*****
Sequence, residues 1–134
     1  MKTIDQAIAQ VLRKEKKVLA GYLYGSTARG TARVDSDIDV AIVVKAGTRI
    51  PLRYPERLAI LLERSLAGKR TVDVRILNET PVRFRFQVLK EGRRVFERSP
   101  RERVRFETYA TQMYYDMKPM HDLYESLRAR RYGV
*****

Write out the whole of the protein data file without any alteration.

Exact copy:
Sequence, residues 1–134
     1  MKTIDQAIAQ VLRKEKKVLA GYLYGSTARG TARVDSDIDV AIVVKAGTRI
    51  PLRYPERLAI LLERSLAGKR TVDVRILNET PVRFRFQVLK EGRRVFERSP
   101  RERVRFETYA TQMYYDMKPM HDLYESLRAR RYGV